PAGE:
While we all fantasize about moments of ferocious trout surface activity with insects fluttering about our faces, for a couple more months yet it’s time to participate in the feeding occurring below the surface that we don’t see. We’ll take a quick look at what we consider to be the top 5 winter subsurface patterns when winter trout fly fishing– and we’re interested to know what yours are! While we will NOT agree on the top 5 I’m quite sure, it is generally agreed that going small and deep to imitate the multitude of nymphs over wintering underneath rocks and clinging to structure on or near the bottom is often the best strategy. Getting sluggish winter time trout with slow metabolisms to bite can be challenging, but combining proper technique with proper fly selection can yield some great days, and beautifully colored up fish!
Everybody has a favorite fly or three, but the fly fishers who catch a lot of fish, and quality fish, stay flexible and embrace the effort to focus on what the FISH wants, not what fly you caught your biggest/most/best fish on and are most comfortable with! Hey we’re guilty of it too- getting in a ‘fly rut’ or ‘hot-fly-itis*’ and over focusing on a favorite pattern is easy to do. Our hope with this post is that we generate a conversation and share information to help all of us break out of any fly rut we may embroiled in, and make the most of our precious time on the water.
We came at this from the perspective of which 5 subsurface flies would we always want with us to fish in the winter, in all conditions, all locations, and all water types? We KNOW yours are different- and we’d like to hear what yours are as well. So here’s our lineup (no particular order): Partridge Soft Hackle, Wooly Bugger, Egg, Hare’s Ear, and Pheasant Tail. Now some of you may look at that list and think: boring, obvious, or standard. I did too. I’ll tell you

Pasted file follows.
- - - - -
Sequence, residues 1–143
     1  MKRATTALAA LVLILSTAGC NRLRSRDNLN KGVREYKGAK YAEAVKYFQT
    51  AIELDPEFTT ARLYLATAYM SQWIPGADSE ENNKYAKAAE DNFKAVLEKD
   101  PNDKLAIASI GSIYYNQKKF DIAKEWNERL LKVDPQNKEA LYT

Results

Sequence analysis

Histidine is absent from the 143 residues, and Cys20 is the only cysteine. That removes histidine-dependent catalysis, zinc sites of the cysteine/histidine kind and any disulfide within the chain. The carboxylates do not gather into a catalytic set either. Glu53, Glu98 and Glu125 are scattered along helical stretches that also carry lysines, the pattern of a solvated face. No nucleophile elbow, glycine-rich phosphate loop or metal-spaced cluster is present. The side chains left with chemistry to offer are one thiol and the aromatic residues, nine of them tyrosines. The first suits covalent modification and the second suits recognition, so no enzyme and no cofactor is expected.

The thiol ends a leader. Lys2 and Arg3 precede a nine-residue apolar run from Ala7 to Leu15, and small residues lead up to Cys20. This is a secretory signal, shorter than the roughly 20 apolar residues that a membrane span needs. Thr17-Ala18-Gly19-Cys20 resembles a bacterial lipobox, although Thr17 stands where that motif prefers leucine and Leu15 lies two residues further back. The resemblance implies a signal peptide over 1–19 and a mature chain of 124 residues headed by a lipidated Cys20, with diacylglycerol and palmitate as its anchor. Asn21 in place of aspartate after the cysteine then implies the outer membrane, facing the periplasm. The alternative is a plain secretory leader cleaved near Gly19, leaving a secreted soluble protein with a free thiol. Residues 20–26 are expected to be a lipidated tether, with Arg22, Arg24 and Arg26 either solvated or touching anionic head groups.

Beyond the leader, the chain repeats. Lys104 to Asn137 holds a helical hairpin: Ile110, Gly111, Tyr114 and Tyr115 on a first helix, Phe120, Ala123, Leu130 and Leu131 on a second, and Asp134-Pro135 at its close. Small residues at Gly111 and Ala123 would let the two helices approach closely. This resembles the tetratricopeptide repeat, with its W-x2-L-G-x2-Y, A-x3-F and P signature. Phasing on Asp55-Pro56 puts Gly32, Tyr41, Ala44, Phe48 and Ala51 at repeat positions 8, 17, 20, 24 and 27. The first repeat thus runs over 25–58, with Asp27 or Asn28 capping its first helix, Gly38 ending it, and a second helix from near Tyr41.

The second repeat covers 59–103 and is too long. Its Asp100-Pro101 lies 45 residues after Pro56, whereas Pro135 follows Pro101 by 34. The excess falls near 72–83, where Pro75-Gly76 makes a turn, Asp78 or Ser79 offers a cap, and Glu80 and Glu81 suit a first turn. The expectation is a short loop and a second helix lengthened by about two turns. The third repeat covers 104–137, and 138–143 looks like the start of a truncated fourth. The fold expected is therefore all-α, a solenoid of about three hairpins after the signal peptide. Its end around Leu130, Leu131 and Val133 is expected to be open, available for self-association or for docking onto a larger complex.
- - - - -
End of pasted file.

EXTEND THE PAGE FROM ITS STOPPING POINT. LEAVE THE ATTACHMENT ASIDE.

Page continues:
it was MUCH tougher than I thought to choose just five for the purpose of this post- it was a really interesting exercise and I challenge you to do the same. I was as informed as much by what was left off the list as what I included. If I was fishing exclusively stocked fish the list of course would be somewhat different- I’m sure I’d sub in a Zug Bug, Y2K, and one or two other flashier patterns. The conclusion here (and the conversation we anticipate) is that these lists are personal and arbitrary, and this exercise should get us thinking about what will generate a winter time take in what conditions and location. It’s about what the TROUT is programmed (or has learned) to want, not what we want to run past their noses.
I was left with some GREAT winter time flies that just can’t be omitted (so I completely failed at my own exercise) and felt compelled to include a picture of ‘honorable mentions’. All great patterns in their own right and all fished across the country with a great deal of success.
Expect no companion article in a couple of months on ‘the Top 5 Dries’. That I think would be even more of an impossible endeavor as it is so location specific and invites endless argument with no clear purpose. We WILL look forward to a review of the most popular dry fly patterns as part of a the continued insect profile series we have begun- so stay tuned. For those of us still chasing trout in the wintertime though, we hope you’ll share your thoughts on YOUR top 5 and perhaps a story and picture or two of your winter success. We hope this post sparks a thought or two about your own winter trout fly fishing fly selection, and as always tight lines and catch ’em up!
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